Answer from HHS: By now you should have received information to let you know whether your retiree prescription-drug coverage is as good as or better than standard prescription-drug coverage. You need to know this information before you decide whether to join a Medicare drug plan, and if you do not know yet, you should call your former employer. If your coverage is as good or better than Medicare's standard coverage, you will not have to pay a penalty if your employer decides to drop coverage at a later date. If your retiree prescription-drug coverage is not, on average, at least as good as standard Medicare prescription-drug coverage, you may have to pay a penalty if you wait to join a Medicare drug plan until after you are first eligible.
You have a legal right to this information. If you have not received the information, you should ask your former employer or union (or the plan that administers your retiree prescription-drug coverage) for it. Some employers and unions will include this information with other communications they may give you about your retiree prescription-drug coverage.
If your employer chooses to discontinue its retiree coverage at a later date (after May 15, 2006), the employer is required to give you two months' notice and you will have a special enrollment period with the Medicare prescription-drug plans. During the special enrollment period, you can select a plan that will serve your needs without a penalty.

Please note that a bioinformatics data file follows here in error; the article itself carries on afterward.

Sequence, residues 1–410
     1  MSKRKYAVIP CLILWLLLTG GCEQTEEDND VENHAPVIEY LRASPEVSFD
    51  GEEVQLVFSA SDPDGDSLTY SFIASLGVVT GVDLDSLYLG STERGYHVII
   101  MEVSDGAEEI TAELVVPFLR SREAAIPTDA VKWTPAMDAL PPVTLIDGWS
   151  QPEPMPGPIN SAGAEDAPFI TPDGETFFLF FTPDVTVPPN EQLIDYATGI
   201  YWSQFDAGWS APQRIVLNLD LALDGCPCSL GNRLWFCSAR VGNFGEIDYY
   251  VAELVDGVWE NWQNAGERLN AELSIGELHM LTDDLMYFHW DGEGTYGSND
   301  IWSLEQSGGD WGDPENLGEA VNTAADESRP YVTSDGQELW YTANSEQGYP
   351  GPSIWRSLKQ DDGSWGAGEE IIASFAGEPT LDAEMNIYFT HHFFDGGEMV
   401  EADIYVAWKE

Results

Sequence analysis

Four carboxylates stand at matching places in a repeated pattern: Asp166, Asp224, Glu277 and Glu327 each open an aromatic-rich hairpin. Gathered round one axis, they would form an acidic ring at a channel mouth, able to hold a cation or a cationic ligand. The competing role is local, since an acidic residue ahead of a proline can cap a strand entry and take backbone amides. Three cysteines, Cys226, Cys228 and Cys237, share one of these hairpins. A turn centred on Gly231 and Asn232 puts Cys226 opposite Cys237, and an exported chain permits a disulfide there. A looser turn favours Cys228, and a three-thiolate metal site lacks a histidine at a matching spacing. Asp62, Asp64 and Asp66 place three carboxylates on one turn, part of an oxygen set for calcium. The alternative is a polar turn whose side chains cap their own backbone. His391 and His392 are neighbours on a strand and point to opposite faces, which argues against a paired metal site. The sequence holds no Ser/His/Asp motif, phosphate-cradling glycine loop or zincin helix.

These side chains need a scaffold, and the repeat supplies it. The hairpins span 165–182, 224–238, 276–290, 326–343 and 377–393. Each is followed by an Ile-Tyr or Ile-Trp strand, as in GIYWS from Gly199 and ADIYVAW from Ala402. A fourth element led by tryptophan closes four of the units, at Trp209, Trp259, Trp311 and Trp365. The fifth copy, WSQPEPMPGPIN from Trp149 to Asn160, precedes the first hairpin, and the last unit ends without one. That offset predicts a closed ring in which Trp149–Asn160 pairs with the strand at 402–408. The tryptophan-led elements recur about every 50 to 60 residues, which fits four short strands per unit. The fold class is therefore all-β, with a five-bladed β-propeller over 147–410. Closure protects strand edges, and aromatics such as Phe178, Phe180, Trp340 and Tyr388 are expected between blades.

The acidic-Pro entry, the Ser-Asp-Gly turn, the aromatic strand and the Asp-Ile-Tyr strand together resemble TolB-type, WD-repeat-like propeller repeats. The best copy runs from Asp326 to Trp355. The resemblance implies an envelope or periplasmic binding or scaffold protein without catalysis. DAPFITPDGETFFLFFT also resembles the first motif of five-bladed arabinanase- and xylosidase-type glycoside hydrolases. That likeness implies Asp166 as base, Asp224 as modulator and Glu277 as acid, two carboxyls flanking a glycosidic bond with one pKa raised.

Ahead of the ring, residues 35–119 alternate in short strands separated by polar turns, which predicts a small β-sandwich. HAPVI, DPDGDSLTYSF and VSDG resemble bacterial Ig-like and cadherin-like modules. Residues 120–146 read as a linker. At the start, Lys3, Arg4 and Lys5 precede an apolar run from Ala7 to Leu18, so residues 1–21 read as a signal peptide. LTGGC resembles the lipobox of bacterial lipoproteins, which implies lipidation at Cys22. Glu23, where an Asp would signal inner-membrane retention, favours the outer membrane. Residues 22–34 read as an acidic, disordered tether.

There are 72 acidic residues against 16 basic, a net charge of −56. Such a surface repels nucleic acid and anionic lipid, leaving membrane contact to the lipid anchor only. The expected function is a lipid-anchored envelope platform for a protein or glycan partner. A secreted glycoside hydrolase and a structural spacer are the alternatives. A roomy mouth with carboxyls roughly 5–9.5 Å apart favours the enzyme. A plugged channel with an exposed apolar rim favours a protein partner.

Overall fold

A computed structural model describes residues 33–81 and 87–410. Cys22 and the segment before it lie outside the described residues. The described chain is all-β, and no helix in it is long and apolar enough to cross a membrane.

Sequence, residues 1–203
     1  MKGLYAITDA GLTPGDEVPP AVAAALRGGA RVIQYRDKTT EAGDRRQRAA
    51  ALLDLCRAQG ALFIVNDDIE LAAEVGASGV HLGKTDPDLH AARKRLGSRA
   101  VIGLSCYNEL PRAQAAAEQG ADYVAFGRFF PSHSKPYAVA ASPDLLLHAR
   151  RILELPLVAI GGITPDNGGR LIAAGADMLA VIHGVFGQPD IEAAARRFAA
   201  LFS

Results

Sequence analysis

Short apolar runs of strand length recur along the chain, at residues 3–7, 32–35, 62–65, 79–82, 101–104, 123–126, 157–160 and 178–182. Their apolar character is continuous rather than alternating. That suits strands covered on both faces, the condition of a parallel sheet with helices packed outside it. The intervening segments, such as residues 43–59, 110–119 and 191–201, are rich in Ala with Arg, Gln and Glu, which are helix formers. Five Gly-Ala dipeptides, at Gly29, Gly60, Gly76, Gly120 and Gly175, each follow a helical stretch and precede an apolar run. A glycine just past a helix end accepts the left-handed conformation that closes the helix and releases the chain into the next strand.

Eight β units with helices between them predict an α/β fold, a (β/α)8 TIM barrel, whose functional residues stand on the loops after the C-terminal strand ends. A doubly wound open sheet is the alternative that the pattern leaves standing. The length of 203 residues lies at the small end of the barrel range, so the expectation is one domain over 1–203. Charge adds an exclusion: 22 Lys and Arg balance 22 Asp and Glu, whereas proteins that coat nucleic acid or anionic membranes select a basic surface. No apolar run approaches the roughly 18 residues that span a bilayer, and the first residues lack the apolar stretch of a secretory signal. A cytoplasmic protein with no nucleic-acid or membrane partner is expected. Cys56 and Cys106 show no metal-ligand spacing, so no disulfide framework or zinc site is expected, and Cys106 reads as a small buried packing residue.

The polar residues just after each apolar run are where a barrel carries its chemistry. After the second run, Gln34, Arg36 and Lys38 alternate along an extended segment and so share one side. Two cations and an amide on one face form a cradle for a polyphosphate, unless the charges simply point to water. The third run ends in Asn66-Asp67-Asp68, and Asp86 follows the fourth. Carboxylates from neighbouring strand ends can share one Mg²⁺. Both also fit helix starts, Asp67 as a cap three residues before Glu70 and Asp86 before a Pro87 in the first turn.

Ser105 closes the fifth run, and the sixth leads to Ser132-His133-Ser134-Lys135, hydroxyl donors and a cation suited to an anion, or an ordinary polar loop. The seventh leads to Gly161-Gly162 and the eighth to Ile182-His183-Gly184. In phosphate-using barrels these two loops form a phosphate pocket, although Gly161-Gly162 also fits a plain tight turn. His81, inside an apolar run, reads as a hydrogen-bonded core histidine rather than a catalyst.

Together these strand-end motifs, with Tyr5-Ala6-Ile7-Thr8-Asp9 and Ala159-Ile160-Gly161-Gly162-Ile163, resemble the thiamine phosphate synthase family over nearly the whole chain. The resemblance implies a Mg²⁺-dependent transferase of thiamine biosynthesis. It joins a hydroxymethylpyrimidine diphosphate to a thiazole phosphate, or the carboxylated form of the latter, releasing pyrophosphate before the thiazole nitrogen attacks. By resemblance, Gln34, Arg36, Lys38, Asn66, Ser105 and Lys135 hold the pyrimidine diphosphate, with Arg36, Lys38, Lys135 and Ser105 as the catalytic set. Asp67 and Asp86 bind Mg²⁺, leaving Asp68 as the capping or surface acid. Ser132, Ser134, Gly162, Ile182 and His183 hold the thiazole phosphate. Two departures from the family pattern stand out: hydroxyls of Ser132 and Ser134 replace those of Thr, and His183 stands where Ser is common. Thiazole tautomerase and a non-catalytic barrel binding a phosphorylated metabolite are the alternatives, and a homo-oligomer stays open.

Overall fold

Question from Anthony: I belong to the VA prescription-drug benefits program. Do I still have to sign up for the Medicare program? I just heard Sec. Mike Leavitt say on ABC every senior citizen should sign up even for the lowest program so they won't feel penalized later. What are the facts?
Answer from HHS: As long as you still qualify, your TRICARE, VA or FEHB prescription-drug coverage is not changing. You should contact your benefits administrator or FEHB insurer for information about your TRICARE, VA or FEHB coverage before making any changes. It will almost always be to your advantage to keep your current coverage without any changes. If you lose your TRICARE, VA or FEHB coverage, and you join a Medicare drug plan after May 15, 2006, in most cases, you won't have to pay a penalty, as long as you join within 63 days of losing TRICARE, VA or FEHB coverage.
Question from D.J.: Why is there a penalty period at all?
Answer from HHS: Congress developed the drug-benefit enrollment periods and penalties to encourage people to enroll in the beginning, or when they first become eligible, instead of waiting until they are sick and their health care costs are higher. This policy is intended to ensure affordable premiums for everyone, and it works very similar to Medicare Part B, which covers physician visits and outpatient services. People who sign up later for Medicare Part B also pay more.